Plaintiffs West and Shlosky, however, may pursue individual claims for bad faith. Defendant asserts that the doctrine of claim preclusion bars Plaintiffs' bad faith claims, because the court in Meyer determined that Defendant adjudicated Plaintiffs' claims for benefits reasonably and in good faith. Def.'s Br. 13 (Doc. 10). Defendant's argument warrants little attention, as Plaintiffs' bad faith claims in this action relate to Defendant's conduct following the courts' decisions in Meyer. See Compl. ¶¶ 18-20 (Doc. 1). The courts in Meyer obviously could not have adjudicated issues related to conduct that occurred after their decisions. Plaintiffs' bad faith claims, therefore, are not barred by claim preclusion.*fn3

CONCLUSION

For all of the reasons stated above, Defendant CUNA Mutual Insurance Society's Motion to Dismiss or, in the alternative, Motion to Strike (Doc. 9) is granted in part and denied in part. Defendant's Motion to Dismiss Plaintiffs' putative class action claims is granted. Defendant's Motion to Dismiss Plaintiffs' individual claims is denied. Defendant's alternative Motion to Stirke is denied as moot.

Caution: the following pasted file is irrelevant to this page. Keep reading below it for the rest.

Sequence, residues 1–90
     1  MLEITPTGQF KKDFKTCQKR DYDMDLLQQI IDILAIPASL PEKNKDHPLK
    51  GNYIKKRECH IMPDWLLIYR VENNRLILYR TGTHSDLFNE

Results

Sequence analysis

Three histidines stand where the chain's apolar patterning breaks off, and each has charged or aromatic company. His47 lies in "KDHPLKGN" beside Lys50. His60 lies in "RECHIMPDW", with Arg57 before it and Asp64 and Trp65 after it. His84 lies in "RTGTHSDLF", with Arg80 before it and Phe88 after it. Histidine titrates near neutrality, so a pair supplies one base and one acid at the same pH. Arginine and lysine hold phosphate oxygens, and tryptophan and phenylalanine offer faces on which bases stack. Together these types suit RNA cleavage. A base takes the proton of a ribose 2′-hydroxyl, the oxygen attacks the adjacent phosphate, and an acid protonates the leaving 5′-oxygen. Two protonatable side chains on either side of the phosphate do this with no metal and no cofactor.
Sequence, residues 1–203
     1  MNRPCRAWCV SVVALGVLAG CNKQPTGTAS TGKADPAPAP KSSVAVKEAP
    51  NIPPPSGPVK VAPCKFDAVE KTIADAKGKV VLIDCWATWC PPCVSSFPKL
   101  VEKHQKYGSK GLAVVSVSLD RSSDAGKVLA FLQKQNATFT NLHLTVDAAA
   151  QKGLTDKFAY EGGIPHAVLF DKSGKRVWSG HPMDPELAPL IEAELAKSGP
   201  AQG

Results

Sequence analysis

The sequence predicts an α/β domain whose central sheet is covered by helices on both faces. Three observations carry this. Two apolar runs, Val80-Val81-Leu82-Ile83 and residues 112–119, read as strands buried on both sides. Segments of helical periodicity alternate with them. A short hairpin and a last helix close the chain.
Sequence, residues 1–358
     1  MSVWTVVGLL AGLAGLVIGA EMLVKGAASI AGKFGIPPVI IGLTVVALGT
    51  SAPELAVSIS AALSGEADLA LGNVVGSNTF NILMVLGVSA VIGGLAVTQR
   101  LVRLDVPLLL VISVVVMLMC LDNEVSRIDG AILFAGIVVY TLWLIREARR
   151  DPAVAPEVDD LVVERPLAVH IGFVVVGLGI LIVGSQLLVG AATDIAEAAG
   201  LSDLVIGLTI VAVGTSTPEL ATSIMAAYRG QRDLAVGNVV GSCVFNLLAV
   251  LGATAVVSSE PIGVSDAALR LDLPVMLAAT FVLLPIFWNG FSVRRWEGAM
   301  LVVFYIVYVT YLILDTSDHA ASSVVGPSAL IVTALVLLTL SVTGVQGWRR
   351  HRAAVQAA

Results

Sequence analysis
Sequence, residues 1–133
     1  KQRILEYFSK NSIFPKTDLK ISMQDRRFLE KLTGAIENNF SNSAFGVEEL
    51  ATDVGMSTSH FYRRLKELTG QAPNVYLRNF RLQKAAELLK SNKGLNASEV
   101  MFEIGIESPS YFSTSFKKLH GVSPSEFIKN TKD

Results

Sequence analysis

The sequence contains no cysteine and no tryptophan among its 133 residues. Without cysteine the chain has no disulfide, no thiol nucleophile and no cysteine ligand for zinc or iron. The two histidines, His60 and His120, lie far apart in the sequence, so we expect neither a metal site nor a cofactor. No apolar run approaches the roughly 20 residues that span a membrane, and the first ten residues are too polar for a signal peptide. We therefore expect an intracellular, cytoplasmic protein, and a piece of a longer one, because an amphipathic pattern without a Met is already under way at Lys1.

II.ORDER

For the reasons stated above, the Court hereby ORDERS that Defendant CUNA Mutual Insurance Society's Motion to Dismiss or, in the alternative, Motion to Strike (Doc. 9) is GRANTED IN PART and DENIED IN PART. Defendant's Motion to Dismiss Plaintiffs' putative class action claims is GRANTED. Defendant's Motion to Dismiss Plaintiffs' individual claims is DENIED. Defendant's alternative Motion to Stirke is DENIED AS MOOT.

IT IS SO ORDERED.

Cathy Bissoon Cathy Bissoon United States District Judge

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All counsel of record.